Public Release: 

Ovarian cancer: Quick steps to widespread disease

Blocking glycogen, a key energy source, could slow or prevent tumor spread

University of Chicago Medical Center


IMAGE: These are pathways of early (proliferation) and late (proliferation, invasion and widespread) metastasis. view more 

Credit: Study authors working with Cell Metabolism

In nearly 80 percent of women with ovarian cancer, the disease has already spread to the omentum before it was diagnosed. Within the omentum -- a large, energy-dense fat pad that covers the intestines -- the cancer grows even faster.

In the December 4, 2018 issue of Cell Metabolism, published online August 30, a multi-center research team based at the University of Chicago Medicine describes how rapidly spreading ovarian cancer cells take the next steps. Once they infiltrate the omentum and begin to deplete the fat cells there, the tumor recruits cancer-associated fibroblasts (CAFs). These cells accelerate cancer proliferation and spread by enhancing the mechanisms that cancer cells use, such as increasing blood flow to the tumor, to generate additional energy sources.

In their current study, "Fibroblasts mobilize tumor cell glycogen to promote proliferation and metastasis," the researchers used a technique called quantitative phosphoproteomics to characterize the reciprocal signaling between human ovarian cancer cells and the CAFs that hasten the spread of abdominal cancers.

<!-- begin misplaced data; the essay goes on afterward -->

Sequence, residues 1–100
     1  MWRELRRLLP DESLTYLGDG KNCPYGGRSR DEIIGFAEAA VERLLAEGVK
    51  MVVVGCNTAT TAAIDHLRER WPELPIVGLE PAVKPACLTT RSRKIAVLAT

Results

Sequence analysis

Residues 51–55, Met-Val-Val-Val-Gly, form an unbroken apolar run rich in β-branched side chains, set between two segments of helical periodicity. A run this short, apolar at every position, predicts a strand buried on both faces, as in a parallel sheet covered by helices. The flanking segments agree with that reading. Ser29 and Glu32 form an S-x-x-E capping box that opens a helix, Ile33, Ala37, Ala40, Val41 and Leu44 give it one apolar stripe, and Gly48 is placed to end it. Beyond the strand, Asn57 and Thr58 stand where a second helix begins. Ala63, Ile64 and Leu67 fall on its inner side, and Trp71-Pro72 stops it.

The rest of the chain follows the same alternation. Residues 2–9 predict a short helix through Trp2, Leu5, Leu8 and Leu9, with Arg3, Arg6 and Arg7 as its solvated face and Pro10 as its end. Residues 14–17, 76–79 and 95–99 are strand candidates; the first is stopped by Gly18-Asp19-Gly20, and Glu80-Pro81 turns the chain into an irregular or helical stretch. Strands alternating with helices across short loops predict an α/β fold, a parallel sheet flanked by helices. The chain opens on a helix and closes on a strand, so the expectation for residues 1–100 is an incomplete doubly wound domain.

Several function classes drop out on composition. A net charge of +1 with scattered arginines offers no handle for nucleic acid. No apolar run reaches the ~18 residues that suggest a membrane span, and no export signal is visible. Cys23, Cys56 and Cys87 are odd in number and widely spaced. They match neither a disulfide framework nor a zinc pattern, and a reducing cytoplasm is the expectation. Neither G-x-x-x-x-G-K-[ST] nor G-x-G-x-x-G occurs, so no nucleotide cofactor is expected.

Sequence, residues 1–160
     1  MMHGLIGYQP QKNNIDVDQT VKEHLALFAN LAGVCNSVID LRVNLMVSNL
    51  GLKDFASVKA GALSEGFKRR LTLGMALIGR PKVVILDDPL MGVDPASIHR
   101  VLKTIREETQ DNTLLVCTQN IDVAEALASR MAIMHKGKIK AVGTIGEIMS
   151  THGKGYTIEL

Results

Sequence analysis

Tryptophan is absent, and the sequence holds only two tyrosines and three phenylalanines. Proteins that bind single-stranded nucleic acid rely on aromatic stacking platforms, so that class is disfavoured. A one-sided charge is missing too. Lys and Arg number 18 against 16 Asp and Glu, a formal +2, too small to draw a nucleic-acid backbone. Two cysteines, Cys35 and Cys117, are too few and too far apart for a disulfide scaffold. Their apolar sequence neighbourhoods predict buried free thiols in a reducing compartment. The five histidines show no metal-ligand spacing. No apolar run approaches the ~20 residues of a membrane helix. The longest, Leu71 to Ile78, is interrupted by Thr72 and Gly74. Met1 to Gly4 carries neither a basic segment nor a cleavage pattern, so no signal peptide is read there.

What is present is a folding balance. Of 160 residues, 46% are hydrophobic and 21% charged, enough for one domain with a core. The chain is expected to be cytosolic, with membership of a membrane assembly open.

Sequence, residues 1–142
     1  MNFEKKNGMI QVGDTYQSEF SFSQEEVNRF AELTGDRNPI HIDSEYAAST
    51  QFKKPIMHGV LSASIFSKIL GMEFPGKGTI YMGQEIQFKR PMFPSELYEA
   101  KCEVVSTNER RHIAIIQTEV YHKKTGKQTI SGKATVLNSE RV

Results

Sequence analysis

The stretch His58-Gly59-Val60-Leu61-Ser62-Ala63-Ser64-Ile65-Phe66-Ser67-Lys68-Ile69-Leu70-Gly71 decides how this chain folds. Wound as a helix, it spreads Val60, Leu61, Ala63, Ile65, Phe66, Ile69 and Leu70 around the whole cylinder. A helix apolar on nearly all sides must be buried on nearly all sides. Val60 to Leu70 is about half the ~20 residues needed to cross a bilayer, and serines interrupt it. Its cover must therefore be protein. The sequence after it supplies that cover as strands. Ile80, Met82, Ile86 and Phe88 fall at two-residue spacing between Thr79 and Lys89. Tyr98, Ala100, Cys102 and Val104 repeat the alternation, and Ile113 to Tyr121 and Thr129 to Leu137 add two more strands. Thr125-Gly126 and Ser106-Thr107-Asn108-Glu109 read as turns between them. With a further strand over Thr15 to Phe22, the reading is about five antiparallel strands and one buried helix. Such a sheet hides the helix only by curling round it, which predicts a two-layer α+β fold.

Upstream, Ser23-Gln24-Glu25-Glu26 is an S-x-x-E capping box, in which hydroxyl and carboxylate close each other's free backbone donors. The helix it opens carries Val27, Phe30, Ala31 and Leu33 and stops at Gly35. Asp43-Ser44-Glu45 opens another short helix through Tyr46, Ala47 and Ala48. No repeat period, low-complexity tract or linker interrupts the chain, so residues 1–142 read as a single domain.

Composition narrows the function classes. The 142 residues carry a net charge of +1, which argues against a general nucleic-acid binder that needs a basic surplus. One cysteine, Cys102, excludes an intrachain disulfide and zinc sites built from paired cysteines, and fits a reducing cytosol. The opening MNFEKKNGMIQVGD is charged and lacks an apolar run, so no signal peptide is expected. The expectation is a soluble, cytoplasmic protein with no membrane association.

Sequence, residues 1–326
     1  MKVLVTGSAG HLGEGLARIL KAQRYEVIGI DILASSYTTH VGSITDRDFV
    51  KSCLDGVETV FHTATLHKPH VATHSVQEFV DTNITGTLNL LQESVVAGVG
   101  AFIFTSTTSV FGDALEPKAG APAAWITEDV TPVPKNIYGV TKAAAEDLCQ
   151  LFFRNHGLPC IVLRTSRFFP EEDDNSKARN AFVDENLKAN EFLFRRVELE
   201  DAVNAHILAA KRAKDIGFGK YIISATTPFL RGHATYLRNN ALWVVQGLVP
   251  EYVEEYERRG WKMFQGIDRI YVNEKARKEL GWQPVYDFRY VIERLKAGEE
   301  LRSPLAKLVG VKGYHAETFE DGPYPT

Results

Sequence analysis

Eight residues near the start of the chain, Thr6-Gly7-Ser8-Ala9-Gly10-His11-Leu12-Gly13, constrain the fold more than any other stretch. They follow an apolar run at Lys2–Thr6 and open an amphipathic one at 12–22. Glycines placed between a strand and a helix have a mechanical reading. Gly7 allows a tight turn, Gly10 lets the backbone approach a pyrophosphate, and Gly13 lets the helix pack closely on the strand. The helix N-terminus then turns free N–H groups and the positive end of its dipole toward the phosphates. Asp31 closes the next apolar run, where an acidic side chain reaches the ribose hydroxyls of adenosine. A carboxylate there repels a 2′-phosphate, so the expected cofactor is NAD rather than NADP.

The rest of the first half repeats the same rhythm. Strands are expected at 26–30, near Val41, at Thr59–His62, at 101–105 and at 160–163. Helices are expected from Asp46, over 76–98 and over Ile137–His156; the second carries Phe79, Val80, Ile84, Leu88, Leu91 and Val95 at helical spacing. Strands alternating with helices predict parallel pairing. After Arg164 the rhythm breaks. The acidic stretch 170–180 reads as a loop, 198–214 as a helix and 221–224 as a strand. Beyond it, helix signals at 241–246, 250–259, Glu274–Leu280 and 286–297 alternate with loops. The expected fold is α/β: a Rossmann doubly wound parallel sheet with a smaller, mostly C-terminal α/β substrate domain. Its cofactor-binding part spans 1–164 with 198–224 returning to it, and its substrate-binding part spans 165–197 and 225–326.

When the researchers grew human ovarian cancer cells together with CAFs in the lab, they were able to detect key components of their cellular crosstalk. This allowed the researchers to unravel the role of glycogen in the metabolism and rapid spread of ovarian cancers.

"This is the first time that the role of glycogen in cancer metastasis has been thoroughly investigated," said the study's senior author, Ernst Lengyel, MD, PhD, the Arthur L. and Lee G. Herbst Professor and Chairman of Obstetrics and Gynecology at the University of Chicago.

"No systematic study of the signaling pathways initiated by human cancer cells and cancer-associated fibroblasts has been performed," he added. "We think this could have significant clinical implications."

The authors summarized the cascade of events that fuel disease spread: Fibroblast-derived chemical signals help mobilize glycogen in cancer cells, which is then metabolized into glucose/sugar. This is used by cancer cells as a source of energy, helping those cells invade other tissues. It also boosts tumor aggressiveness, enhancing proliferation, invasion and metastasis.

The authors suggest, however, that inhibition of one step in the process, blocking glycogen mobilization in cancer cells by interfering with enzymes mobilizing glycogen, or inhibiting signaling pathways that prevent the glycogen mobilization stimulated by CAFs, "might be a therapeutic strategy for the reduction of tumor dissemination in abdominally metastasizing cancers after optimal tumor reduction."


This study was supported by the Cancer Research Foundation Fletcher Scholars Program, Bears Care, the National Cancer Institute, and the European Commission.

Additional authors were Marion Curtis, Hilary Kenny, Bradley Ashcroft, Abir Mukherjee, Alyssa Johnson, Yilin Zhang, Diane Yamada, Ricardo Lastra and Anthony Montag from the University of Chicago; Raquel Batlle, Nuria Gutierrez and Angel Nebreda from the Barcelona Institute of Science and Technology; Ynes Helou, Nagib Ahsan, and Arthur Saloman from Brown University; and Xiaojing Liu, Xia Gao, and Jason Locasale from Duke University.

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